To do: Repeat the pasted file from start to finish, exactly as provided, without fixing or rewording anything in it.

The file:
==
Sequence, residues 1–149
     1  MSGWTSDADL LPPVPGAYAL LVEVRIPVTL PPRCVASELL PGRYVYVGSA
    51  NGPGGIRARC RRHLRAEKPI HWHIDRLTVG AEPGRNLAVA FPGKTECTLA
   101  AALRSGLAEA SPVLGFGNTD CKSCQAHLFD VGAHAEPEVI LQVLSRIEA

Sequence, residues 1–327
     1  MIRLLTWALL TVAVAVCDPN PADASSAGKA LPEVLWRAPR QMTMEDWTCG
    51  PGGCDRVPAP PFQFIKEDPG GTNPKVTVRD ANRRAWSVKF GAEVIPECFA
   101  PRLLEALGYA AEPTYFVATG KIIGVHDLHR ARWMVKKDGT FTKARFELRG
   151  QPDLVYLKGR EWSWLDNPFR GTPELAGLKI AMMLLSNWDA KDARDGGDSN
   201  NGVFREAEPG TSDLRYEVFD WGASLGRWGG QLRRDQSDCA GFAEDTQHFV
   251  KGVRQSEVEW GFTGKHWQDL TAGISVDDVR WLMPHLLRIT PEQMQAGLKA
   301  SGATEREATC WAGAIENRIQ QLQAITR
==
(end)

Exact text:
Sequence, residues 1–149
     1  MSGWTSDADL LPPVPGAYAL LVEVRIPVTL PPRCVASELL PGRYVYVGSA
    51  NGPGGIRARC RRHLRAEKPI HWHIDRLTVG AEPGRNLAVA FPGKTECTLA
   101  AALRSGLAEA SPVLGFGNTD CKSCQAHLFD VGAHAEPEVI LQVLSRIEA

Sequence, residues 1–327
     1  MIRLLTWALL TVAVAVCDPN PADASSAGKA LPEVLWRAPR QMTMEDWTCG
    51  PGGCDRVPAP PFQFIKEDPG GTNPKVTVRD ANRRAWSVKF GAEVIPECFA
   101  PRLLEALGYA AEPTYFVATG KIIGVHDLHR ARWMVKKDGT FTKARFELRG
   151  QPDLVYLKGR EWSWLDNPFR GTPELAGLKI AMMLLSNWDA KDARDGGDSN
   201  NGVFREAEPG TSDLRYEVFD WGASLGRWGG QLRRDQSDCA GFAEDTQHFV
   251  KGVRQSEVEW GFTGKHWQDL TAGISVDDVR WLMPHLLRIT PEQMQAGLKA
   301  SGATEREATC WAGAIENRIQ QLQAITR